Englewood Herald: An Englewood resident stood at the lectern and delivered an address that won applause from some in the audience, asking the question:
“Millions of dollars of taxpayer money are not accounted for. Why?” said Chris Duis, addressing the Englewood City Council at its meeting Aug. 20.
Duis voiced support for a forensic audit of the Englewood Environmental Foundation and Englewood McLellan Reservoir Foundation, two nonprofit corporations that are separate from the city but run by high-level city employees. Known as EEF and EMRF, the city created them in the late 1990s to oversee property the city has indirect influence over, including the Englewood Civic Center and the surrounding CityCenter Englewood shopping development under EEF.
Following months of scrutiny over claims of various kinds of past financial improprieties — like allegedly giving work to friends — city staff recommended in early November that the council look into the claims against EEF with an audit.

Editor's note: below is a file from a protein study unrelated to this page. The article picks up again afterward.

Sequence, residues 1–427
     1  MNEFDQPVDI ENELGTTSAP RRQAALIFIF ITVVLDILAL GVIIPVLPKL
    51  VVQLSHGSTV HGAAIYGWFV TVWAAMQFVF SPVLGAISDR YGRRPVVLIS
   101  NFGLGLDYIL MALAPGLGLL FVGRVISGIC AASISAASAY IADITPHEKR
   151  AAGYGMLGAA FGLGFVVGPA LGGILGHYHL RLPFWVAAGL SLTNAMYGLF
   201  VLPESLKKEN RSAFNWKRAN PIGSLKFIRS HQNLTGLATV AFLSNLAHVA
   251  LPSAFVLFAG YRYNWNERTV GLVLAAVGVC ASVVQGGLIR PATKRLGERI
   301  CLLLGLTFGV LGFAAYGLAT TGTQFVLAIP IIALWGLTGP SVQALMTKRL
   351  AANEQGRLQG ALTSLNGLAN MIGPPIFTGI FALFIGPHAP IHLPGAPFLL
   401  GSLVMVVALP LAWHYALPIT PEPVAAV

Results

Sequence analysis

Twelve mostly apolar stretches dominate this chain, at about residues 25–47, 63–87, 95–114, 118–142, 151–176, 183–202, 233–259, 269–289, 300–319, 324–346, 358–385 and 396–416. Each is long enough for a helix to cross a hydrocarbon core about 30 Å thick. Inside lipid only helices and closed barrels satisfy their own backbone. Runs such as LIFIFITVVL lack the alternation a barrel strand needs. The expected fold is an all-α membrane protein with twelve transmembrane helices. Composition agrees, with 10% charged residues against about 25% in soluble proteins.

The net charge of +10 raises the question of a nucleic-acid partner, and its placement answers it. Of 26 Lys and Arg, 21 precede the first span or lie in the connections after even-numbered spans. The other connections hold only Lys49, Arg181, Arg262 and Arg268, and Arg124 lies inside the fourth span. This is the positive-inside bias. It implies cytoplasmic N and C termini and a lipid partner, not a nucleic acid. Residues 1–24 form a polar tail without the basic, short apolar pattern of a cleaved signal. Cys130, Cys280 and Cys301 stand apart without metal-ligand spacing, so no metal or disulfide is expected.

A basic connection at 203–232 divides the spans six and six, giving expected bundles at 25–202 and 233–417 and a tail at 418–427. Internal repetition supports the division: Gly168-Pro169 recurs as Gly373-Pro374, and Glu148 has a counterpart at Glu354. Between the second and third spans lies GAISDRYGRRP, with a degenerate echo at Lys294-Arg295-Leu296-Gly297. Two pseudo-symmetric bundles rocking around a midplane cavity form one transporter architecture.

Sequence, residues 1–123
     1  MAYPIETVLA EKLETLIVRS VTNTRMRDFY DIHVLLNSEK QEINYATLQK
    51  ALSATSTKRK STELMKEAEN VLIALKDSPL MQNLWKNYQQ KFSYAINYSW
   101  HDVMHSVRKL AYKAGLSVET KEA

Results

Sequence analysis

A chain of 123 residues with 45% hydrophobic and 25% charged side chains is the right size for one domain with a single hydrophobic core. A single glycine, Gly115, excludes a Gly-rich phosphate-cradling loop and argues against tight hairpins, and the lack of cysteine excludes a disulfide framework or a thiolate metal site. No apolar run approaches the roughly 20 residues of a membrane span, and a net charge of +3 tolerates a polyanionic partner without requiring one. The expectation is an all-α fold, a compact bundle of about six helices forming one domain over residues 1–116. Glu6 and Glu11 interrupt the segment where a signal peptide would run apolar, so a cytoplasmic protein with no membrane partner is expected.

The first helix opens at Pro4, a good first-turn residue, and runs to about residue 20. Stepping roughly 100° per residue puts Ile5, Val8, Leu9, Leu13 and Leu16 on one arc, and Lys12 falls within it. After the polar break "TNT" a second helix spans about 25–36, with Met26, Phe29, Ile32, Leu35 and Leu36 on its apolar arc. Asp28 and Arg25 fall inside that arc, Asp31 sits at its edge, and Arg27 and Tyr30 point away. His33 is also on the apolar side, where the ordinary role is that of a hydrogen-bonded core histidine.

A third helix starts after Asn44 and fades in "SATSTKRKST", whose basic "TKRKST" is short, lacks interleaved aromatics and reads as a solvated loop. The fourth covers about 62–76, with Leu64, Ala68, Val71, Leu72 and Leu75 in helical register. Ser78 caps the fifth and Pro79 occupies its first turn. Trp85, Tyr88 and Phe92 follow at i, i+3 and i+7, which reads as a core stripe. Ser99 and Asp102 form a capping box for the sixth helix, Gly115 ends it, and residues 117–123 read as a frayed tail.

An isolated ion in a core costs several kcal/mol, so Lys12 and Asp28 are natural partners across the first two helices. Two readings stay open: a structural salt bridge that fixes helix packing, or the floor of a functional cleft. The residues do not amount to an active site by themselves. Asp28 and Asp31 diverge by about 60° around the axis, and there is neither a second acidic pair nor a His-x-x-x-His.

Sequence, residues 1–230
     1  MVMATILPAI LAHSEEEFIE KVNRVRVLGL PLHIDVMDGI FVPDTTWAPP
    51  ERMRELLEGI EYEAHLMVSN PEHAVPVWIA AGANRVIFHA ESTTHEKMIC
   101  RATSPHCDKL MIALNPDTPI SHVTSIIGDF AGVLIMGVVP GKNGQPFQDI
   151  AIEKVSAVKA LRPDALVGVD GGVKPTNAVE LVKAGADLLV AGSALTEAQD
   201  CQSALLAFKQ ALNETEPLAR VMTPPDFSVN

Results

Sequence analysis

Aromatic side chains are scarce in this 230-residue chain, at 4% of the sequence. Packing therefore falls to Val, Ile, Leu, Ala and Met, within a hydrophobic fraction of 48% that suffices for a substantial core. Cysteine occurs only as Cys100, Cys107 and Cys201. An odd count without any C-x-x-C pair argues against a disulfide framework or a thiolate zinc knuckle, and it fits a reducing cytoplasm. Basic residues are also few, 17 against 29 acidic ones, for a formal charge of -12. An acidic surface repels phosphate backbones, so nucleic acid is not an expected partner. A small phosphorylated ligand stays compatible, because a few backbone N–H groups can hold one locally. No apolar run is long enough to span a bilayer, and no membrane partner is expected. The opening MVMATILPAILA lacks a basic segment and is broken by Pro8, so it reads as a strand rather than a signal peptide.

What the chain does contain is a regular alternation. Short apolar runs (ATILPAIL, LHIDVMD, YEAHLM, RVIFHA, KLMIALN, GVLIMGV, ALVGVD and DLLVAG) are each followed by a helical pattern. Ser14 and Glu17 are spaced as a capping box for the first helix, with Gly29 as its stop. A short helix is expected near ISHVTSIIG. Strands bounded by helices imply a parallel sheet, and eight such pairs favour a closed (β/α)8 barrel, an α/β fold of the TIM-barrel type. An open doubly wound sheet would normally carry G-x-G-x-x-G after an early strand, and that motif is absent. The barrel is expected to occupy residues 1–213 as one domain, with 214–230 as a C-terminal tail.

“The truth will come out, as it always does,” Duis said in August.
But a look into EEF’s history presents a more nuanced story, and whether alleged mismanagement occurred isn’t clear from what’s publicly known about the organization that has dominated recent political attention in Englewood.
JJ Margiotta, a local business owner and perhaps the loudest resident engaged in criticizing EEF, has claimed the public has been “kept in the dark for many years.”
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